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Byron Shire
December 6, 2021

Tweed leads the state in dementia numbers

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The Tweed electorate has the highest number of people with dementia in the state: with some 1,842 people estimated to be currently living with the disease and an anticipated 106 per cent increase to 3,794 by 2050, according to a new report.

Other north coast electorates are not far behind, with Clarence on 12th position with 1,527 people currently living with dementia and Ballina on 14th position with 1,469.

Lismore comes in at 25th of the state’s 94 electorates with 1,402.

Coastal electorates dominate the chart, produced for Alzheimers Australia NSW by Deloitte Access Economics.

Alzheimers Australia NSW CEO John Watkins said there is little surprise in that, given the increasing tendency for sea-change retirements.

‘That throws an extra burden onto regional communities like the Tweed because they have to provide more and better facilities, resources and services for those people living in the community with dementia,’ he told ABC radio this morning.

He added that it was inevitable the country would see a substantial increase in numbers of people living with dementia as the baby boomer generation aged.

‘Dementia is the second leading cause of death in Australia, after heart disease, and there is no cure,’ Mr Watkins said.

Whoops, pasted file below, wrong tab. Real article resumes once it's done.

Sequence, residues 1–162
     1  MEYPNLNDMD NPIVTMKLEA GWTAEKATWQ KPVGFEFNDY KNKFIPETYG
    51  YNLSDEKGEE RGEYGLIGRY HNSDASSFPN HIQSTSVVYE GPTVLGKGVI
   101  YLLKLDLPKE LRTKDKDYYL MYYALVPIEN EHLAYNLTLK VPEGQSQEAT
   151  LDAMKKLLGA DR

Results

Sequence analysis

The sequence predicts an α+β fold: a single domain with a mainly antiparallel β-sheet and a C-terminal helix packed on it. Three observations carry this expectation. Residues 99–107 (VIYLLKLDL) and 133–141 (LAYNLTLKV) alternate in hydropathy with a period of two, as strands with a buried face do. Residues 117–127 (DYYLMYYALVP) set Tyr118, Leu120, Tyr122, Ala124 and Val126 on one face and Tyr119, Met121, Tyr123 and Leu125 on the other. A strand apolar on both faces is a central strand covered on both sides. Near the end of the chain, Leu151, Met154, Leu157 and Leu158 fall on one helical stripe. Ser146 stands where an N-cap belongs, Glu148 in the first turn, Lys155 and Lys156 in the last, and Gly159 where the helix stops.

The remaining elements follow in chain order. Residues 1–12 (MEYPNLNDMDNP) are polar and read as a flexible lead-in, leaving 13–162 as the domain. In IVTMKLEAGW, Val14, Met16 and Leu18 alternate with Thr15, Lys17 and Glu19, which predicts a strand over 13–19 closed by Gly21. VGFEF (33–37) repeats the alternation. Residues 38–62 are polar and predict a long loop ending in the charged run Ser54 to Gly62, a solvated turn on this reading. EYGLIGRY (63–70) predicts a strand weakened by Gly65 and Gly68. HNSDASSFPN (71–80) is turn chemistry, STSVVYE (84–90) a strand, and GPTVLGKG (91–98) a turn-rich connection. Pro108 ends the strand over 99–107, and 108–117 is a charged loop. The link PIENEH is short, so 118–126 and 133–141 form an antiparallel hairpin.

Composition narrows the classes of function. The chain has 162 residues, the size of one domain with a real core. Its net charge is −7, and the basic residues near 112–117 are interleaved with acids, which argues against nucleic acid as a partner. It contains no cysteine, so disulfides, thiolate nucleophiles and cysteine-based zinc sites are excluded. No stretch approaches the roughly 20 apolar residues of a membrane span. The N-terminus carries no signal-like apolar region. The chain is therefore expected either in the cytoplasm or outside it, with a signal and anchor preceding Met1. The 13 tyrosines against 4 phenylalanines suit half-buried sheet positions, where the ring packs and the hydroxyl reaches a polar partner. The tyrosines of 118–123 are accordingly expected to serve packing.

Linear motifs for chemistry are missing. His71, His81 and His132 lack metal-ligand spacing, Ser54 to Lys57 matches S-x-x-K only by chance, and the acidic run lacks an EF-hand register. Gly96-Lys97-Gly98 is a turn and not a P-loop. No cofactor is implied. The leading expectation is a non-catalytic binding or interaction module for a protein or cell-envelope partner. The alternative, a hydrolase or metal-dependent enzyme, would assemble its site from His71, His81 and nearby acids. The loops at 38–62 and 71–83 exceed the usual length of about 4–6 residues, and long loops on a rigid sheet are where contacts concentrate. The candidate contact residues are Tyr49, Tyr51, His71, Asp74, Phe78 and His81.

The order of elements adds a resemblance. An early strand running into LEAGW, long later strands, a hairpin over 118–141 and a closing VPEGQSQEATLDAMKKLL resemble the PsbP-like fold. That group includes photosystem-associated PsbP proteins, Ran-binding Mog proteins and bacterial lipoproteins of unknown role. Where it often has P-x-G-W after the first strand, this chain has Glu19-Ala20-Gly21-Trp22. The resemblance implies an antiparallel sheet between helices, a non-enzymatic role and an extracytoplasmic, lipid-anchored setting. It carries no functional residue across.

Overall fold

He pointed out, however, that while dementia is not reversible it is partially treatable.

And he said most people did not realise that the risk factors for dementia were identical to heart disease: smoking, untreated high blood pressure, obesity and a sedentary lifestyle.

‘It’s now known that if you take action in your earlier years – before you hit 60 – to get those issues under control, you’re much more likely to live longer without dementia,’ Mr Watkins said.

Mr Watkins said while dementia was difficult to diagnose in its early stages a significant change in an older person’s habits or routines was often a clue that something was amiss.

Mr Watkins said while dementia was difficult to diagnose in its early stages a significant change in an older person’s habits or routines was often a clue that something was amiss.

‘Dementia can be a very isolating, confusing, confronting and difficult disease to live with,’ he said.

‘But you are not alone. There is a whole range of help available and, with the right support, you can live well with dementia. A great starting point is calling Alzheimer’s Australia NSW on the National Dementia Helpline on 1800 100 500.

‘Our professional and compassionate staff can talk to you about what is happening, give you advice and strategies for how to manage now and into the future, and point you in the right direction for further support and other services – all for free.

‘Some great programs that have proven to be really helpful include Living with Dementia and Recently Diagnosed, both of which have really proved to be a lifeline to many participants.

‘There is also the new website Living Well with Dementia that contains a whole range of information and tips on how to live well with dementia, and includes personal stories from people who are dealing with it right now.’

To find out more and to access support, call Alzheimer’s Australia NSW on the National Dementia Helpline on 1800 100 500, Monday-Friday during business hours. You can access the Living Well with Dementia website at www.livingwellwithdementia.org.au.

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